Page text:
As a lifelong fan of comic books — specifically the ones published by DC — I’m very excited about the track that DC and WB are taking with this concept. Ultimately, I wish we didn’t have to make such a big effort to create entertainment that doesn’t alienate girls from the world of super heroes, but this seems like a really solid move. My daughter already has a good deal of comic-related toys in her ever-growing collection, but the fact that more will be aimed specifically at her is aces in my book!
On the 101st episode of The Pop Poppa Nap Cast, I’m joined by my longtime friend and internet superstar Geof Grubb. You can check out his Reddit (I don’t really know what that means) here and also the Instagram account he set up for the patches he draws on for his daughter Layla every day here. In the episode we talk about everything from being stay-at-home dads to the joys of spending some mindless decompression time with video games.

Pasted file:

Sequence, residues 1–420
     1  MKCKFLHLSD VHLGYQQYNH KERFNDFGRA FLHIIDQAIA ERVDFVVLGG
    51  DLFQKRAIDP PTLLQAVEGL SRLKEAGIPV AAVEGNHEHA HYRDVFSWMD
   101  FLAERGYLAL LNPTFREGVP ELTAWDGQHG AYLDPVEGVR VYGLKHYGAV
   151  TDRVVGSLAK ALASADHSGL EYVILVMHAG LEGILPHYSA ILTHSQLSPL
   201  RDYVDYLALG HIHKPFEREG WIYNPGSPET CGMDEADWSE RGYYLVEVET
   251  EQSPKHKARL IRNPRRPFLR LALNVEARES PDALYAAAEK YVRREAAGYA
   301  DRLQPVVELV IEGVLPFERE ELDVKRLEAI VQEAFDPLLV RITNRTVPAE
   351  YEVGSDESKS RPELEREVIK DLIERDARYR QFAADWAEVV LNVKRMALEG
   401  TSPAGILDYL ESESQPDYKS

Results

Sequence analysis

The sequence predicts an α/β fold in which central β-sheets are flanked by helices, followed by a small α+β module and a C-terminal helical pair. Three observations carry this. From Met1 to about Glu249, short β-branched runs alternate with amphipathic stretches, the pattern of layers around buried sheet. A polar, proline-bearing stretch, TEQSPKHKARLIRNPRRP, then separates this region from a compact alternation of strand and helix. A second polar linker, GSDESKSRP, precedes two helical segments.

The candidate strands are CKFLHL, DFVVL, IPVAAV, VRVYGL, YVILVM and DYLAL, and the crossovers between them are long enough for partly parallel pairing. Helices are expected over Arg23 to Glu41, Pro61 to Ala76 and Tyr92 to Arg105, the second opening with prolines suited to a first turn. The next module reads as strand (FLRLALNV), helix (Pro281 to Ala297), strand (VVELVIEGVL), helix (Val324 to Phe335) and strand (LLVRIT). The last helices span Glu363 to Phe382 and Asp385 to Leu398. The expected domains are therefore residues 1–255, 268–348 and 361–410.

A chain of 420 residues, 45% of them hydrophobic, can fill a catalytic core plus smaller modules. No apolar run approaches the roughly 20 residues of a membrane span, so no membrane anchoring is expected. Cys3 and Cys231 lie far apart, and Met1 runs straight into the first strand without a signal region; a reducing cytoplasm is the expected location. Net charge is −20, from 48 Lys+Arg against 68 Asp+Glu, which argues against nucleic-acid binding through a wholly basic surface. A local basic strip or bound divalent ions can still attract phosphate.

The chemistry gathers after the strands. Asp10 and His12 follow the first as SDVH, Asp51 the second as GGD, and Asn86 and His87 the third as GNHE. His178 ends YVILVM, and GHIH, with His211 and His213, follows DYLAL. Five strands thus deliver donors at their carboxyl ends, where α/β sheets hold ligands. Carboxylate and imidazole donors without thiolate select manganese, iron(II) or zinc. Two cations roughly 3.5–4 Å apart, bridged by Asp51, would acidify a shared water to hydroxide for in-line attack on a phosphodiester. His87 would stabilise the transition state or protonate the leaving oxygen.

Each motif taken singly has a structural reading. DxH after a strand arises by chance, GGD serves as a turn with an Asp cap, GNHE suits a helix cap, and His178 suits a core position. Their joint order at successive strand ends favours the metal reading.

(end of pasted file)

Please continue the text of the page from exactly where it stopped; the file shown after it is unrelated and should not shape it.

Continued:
There aren’t much in the way of show notes this time around, so I’ll embarrass both of us by posting this picture of Geof and I from high school. This is us before prom our senior year. I cut out the ladies because I haven’t seen them in over a decade.
The Pop Poppa Nap Cast Episode 91 covers a gnarly stomach bug, all this snow and video game fun times with the eldest child.
If you’re curious about why The Protector 2 was so disappointing, read this.
Here’s Patton Oswalt’s routine from Werewolves & Lollipops on birthdays that I mentioned. It’s probably NSFW.
Here’s the video I mentioned of my doing Alphabet Sounds when Lu was a baby. I wrote about doing this with Lu back in 2011.
If the Retron 3 sounds like something you’d be interested in, check out the following link on Amazon: Hyperkin Retron 3 Video Game System for NES/SNES/GENESIS – Gray